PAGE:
Logs: the chapter that will never end.

See blog post 1 and blog post 2.

As I said at the end of blog post 2, I tried a new way of teaching log equations, using the question, “Hey, what power of ___ gives you ____?”

I decided to jump in with both feet and use the same question for logs on both sides. Normally, I would just cancel them:

But then we’d end up thinking that works for this problem, too:

Ugh.

So I went back to the question:

(Pssst…drawing the box around the right side does help! Also lead in with a reminder of the “easy” ones from the first day of logs. And spend a bit of time talking about why they’re inverses and what inverses do.) Yes, it does seem like we’re taking the long way around but wait until you get to here:

On the quiz, I’d say less than 5% tried to cancel all the logs at once. Some students asked me that since we were doing the same thing to both sides, we know the arguments had to be equal so could they do it that way. I told them that was very neat that they noticed that but warned them against just randomly crossing out logs.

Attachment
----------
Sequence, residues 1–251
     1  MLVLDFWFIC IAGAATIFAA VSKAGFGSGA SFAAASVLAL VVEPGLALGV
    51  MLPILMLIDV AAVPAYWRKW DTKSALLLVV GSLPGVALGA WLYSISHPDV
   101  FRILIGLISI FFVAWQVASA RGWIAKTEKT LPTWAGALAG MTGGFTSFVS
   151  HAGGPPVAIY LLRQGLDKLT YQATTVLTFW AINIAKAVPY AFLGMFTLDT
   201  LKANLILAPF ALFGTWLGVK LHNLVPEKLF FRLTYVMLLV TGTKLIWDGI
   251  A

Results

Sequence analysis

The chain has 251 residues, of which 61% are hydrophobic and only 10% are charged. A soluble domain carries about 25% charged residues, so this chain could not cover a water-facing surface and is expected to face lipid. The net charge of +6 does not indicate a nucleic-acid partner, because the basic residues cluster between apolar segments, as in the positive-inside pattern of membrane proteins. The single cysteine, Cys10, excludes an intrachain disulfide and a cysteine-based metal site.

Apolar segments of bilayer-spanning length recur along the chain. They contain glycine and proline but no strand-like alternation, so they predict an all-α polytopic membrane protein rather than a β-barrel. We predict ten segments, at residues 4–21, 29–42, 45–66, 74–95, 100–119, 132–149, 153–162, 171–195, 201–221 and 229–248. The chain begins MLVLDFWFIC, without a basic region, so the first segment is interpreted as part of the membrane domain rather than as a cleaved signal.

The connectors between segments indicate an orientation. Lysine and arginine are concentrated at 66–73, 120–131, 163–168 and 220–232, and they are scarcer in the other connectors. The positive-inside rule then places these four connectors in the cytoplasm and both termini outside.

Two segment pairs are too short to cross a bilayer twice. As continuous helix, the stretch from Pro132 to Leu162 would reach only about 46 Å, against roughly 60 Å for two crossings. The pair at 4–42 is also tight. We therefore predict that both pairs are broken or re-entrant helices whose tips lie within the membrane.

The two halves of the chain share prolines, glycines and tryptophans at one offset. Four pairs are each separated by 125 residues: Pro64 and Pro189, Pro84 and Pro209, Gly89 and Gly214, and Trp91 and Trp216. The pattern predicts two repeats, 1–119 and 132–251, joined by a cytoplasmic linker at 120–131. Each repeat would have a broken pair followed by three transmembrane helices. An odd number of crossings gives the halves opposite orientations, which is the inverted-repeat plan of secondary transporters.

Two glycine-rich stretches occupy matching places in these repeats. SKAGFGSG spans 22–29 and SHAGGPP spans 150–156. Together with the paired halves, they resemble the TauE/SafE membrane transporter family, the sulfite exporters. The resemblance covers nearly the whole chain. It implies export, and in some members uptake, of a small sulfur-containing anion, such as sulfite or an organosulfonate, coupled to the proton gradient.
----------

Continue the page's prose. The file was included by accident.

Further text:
I also did the same with exponentials.

Old way:

New way:

Then everyone that doesn’t have math print on their TI got sad (psst..log with a modifiable base is towards the end of the Math menu), but with a few parentheses we were good to go using the change of base formula.

I must admit I’m not 100% sold on the new exponential way. I’m still having to reinforce that the log helps us answer an exponent question. I still have a few people just make log x = 60 into log 60 =x because aren’t we just randomly moving numbers around anyway? But don’t I have that every year? And, as Conic Card Cindy famously said, they weren’t learning it the old way I taught it, so what’s the worst that could happen?

And just because I like you, here are some more files for you.

Common Logs! .doc file

Natural Logs! .doc file Yeah, I kind of glossed over the discovery of e. Don’t tell the math police. Although they’re probably on their way after that cross-multiplication I did in #9 above. But the common log lesson is not the time to take away the one thing they remember how to do from middle school. ANYWAY….

Bonus review powerpoint of log laws and common logs! Great for whiteboard practice! Each problem is worked out step by step.

I still have some applications to discuss and post (and graphing logs…now there’s something I don’t love to graph AT ALL.) but hope this keeps you busy for now. Thanks for reading!

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